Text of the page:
Revenue of $275 million still represents a respectable 17% growth in revenue annually. The company still loses money though, with management guiding for a loss between $.38 and $.40 per share.
At just 4.6 times sales there is room for significant price appreciation and multiple expansion here. The company continues to work on integrating their products and making the customer experience better and more robust for now. Investments in the business now should help pay off later. That said, I think the business remains speculative and investors should be cautious going forward. It remains to be seen whether this company can ever make a profit.
Zuora is an emerging company in an increasingly subscription-based economy. They have managed to attract some of the largest companies in the world as customers. That said, they're going through a transitional period right now. Revenue growth has slowed as they focus on integrating products like Billing and RevPro together. Ultimately I believe this will make Zuora's products better and will have a positive effect long term, but Wall Street likes short term profits and growth. This potentially provides an opportunity for long term investors. Personally, I'm looking to begin a small position in Zuora soon, as I do think this company has a ton of potential, but it remains risky as they continue to post losses. Zuora could be to subscription service businesses what Shopify (SHOP) is to online e-commerce businesses, but it will take time.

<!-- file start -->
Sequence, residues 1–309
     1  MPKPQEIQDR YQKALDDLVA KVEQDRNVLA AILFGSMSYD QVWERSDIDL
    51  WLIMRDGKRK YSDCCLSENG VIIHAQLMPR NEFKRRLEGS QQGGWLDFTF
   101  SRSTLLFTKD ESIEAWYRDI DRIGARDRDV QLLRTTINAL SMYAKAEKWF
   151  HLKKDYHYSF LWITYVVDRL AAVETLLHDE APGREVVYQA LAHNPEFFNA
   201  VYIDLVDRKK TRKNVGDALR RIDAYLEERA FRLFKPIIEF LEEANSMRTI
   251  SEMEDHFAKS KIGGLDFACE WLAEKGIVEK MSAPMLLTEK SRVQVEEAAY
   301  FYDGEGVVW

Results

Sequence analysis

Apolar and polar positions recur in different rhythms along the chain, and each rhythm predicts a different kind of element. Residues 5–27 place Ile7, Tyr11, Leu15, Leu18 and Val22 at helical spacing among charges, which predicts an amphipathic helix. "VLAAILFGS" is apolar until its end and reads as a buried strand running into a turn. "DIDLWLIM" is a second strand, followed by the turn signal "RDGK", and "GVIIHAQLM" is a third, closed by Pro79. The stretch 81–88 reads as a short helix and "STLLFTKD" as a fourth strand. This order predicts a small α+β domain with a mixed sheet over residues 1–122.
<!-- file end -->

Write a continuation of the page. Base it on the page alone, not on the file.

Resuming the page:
Disclosure: I/we have no positions in any stocks mentioned, but may initiate a long position in ZUO over the next 72 hours. I wrote this article myself, and it expresses my own opinions. I am not receiving compensation for it (other than from Seeking Alpha). I have no business relationship with any company whose stock is mentioned in this article.